• Summary
  • Contents
  • Subject index

“The work is provocative and ambitious and the writing is clear.” --Choice “It is a topic in need of systematic analysis…. Joel I. Nelson understands and, in fact, has mastered the issues…. It will undoubtedly be a major contribution…. His approach is fresh and refreshing…. He has the appropriate conceptual tools to complete his synthesis…. I believe not only scholars--sociologists, economists, political scientists, and historians, would find Post-Industrial Capitalism useful but policymakers might also find it of interest…. The book can also be used as a text in an advanced undergraduate class and in a graduate seminar…. Nelson's thesis is coherent and logically developed…. I imagine this book as a college text or on a desk in Washington, DC…. Nelson's last book Economic Inequality was a huge success…. Certainly the many who relied on it in their teaching and research will welcome and use Post-Industrial Capitalism.” --Lionel L. Lewis, State University of New York at Buffalo “Too often authors focus only on the positive aspects or on the downside of postindustrialism. Joel I. Nelson is proposing something that fits neatly between the two camps…. Nelson's strategy of building a new explanation based on a synthesis of these older approaches is very attractive…. There are no other books that attempt this…. Post-Industrial Capitalism might also be used in an advanced undergraduate course on economic sociology or social change…. [It] will be also acquired by professionals in sociology, social work, political science, and economics…. The sequence of the topics are clear and concise…. Each chapter pulls together arguments that--heretofore--have been scattered across numerous books and articles (and across disciplines for that matter).” --Charles M. Tolbert II, Professor of Sociology and Rural Sociology, Louisiana State University The social and economic well-being of many Americans is increasingly at risk. Disparities in earnings and wealth are escalating, reversing a century of declining inequality. Excesses of the free market are growing-and growing more difficult to contain. Politics are increasingly conservative across the ideological spectrum, with economic competitiveness considered more important than equality and humanitarian aid. Post-Industrial Capitalism offers an alternative to the dominant and unsuccessful Marxist and industrialist views by providing a framework for explaining the widening polarization within American society. This work demonstrates a more comprehensive explanation of inequality and locates its source in the transformation of American business. It provides a fresh illustration of Schumpeter's insistence on the ability of capitalism to develop by creatively destroying its past. It not only describes the shifts in corporate resources, illustrates their use by the corporate sector, and traces their implications for inequality across the institutional spectrum, but also demonstrates how these strategies have been used by companies to intensify competition, effect greater political control, and widen the economic gap in America. Scholars interested in the question of modernity and post-industrialization, theorists of multiple theoretical persuasions, and students interested in social stratification, inequality, and social change will find Postindustrial Capitalism to be extremely valuable.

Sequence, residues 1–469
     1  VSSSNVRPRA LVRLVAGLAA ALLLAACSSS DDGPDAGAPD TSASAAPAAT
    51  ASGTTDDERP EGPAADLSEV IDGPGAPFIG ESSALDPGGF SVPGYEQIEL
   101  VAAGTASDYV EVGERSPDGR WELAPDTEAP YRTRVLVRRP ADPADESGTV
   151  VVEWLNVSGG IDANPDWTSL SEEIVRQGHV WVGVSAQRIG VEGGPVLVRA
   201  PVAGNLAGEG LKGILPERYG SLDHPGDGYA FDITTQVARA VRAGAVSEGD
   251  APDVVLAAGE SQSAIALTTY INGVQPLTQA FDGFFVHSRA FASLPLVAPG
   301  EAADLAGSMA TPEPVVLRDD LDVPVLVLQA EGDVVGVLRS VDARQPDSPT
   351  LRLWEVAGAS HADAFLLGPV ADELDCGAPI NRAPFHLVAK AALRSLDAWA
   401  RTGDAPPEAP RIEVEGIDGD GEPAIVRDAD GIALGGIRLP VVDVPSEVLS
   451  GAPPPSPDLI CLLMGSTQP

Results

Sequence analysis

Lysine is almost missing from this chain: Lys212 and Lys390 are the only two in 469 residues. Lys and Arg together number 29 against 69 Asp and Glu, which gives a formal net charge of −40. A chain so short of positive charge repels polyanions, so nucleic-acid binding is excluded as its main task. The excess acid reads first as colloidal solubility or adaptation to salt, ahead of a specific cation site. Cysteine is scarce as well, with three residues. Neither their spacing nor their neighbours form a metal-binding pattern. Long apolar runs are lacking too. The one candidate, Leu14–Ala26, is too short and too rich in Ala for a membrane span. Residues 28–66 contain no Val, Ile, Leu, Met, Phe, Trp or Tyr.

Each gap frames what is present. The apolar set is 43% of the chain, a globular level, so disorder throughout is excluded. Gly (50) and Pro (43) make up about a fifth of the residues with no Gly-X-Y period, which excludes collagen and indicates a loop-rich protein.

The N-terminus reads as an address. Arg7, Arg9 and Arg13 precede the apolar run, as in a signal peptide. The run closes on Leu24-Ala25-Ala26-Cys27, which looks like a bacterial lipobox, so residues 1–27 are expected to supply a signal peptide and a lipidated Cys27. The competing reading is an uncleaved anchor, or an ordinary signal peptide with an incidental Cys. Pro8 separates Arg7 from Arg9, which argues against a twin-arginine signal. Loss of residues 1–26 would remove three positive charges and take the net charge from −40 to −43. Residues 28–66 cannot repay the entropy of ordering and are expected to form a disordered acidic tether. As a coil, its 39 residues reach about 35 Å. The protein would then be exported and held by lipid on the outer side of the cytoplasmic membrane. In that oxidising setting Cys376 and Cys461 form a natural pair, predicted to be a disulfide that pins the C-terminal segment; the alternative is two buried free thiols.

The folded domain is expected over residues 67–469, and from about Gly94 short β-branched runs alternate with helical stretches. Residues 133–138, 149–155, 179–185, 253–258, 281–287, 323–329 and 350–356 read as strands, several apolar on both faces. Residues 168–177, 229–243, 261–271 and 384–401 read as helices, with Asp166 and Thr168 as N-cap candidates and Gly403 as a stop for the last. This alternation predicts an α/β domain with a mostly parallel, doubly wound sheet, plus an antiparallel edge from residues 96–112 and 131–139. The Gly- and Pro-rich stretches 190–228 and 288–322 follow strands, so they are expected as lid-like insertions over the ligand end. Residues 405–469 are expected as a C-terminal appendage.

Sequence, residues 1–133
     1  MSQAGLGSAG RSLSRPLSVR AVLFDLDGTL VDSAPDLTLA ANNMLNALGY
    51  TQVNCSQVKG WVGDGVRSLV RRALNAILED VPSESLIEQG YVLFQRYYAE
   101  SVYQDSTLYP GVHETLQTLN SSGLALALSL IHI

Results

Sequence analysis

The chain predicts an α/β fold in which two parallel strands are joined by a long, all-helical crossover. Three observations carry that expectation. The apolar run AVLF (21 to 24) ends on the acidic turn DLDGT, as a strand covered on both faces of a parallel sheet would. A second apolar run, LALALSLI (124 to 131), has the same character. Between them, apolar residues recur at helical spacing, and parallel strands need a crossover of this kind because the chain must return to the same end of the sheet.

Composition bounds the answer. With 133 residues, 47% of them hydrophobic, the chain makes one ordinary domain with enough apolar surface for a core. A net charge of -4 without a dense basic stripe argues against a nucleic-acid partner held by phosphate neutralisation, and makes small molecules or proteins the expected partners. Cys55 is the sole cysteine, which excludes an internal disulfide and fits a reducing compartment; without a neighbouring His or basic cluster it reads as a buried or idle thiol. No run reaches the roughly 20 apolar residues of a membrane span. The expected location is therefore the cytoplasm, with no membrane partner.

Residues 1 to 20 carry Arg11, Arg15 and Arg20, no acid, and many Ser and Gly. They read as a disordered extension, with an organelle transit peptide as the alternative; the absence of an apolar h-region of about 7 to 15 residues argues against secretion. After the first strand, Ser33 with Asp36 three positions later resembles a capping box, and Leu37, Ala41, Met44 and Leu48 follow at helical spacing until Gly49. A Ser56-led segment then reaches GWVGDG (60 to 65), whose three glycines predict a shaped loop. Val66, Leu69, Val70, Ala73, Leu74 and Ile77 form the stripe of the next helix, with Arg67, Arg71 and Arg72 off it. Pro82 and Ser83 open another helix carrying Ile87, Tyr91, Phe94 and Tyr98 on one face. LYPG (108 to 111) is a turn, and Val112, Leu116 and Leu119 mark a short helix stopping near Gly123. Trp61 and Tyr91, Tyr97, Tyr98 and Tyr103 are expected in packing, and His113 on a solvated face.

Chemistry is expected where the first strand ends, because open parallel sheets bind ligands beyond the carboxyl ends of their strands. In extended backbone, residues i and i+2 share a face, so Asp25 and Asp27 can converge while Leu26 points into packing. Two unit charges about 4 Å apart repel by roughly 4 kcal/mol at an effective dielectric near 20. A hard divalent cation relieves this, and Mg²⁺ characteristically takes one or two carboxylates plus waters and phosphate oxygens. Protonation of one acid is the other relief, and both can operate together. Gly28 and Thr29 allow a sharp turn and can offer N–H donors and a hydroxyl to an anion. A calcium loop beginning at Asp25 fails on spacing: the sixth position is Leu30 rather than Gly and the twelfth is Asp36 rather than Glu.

The Widening Circle of Competition
The widening circle of competition

An expanding low-wage sector is one piece of increasing inequality. A declining high-wage sector is another. The erosion of high-wage jobs is primarily within manufacturing, and it is here that escalating inequality is most dramatic. From 1970 to 1980, the turning point for growth in inequality in America, inequality in manufacturing increased by 13%, compared to 8% in services. Wage contracts in manufacturing cut deeper than usual for recessions (Freeman 1986), contributing to a competitive edge for American manufacturers but to inequality as well.

International trade is at the root of the decline in wages and jobs in manufacturing. But few observers agree on exactly why and how international trade affects the well-being of American workers. The ...

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